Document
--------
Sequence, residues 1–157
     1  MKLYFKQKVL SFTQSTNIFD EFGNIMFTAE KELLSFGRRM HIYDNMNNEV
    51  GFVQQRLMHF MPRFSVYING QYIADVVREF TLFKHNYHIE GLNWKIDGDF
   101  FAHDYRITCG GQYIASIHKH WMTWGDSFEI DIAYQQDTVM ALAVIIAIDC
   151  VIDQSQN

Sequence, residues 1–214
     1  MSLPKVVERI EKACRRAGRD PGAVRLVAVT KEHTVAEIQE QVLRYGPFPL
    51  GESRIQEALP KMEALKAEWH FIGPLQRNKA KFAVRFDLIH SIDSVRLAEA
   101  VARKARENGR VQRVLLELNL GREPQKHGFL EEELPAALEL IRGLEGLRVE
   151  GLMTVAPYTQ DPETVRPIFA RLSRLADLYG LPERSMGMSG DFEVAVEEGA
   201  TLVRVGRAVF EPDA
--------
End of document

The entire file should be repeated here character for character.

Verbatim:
Sequence, residues 1–157
     1  MKLYFKQKVL SFTQSTNIFD EFGNIMFTAE KELLSFGRRM HIYDNMNNEV
    51  GFVQQRLMHF MPRFSVYING QYIADVVREF TLFKHNYHIE GLNWKIDGDF
   101  FAHDYRITCG GQYIASIHKH WMTWGDSFEI DIAYQQDTVM ALAVIIAIDC
   151  VIDQSQN

Sequence, residues 1–214
     1  MSLPKVVERI EKACRRAGRD PGAVRLVAVT KEHTVAEIQE QVLRYGPFPL
    51  GESRIQEALP KMEALKAEWH FIGPLQRNKA KFAVRFDLIH SIDSVRLAEA
   101  VARKARENGR VQRVLLELNL GREPQKHGFL EEELPAALEL IRGLEGLRVE
   151  GLMTVAPYTQ DPETVRPIFA RLSRLADLYG LPERSMGMSG DFEVAVEEGA
   201  TLVRVGRAVF EPDA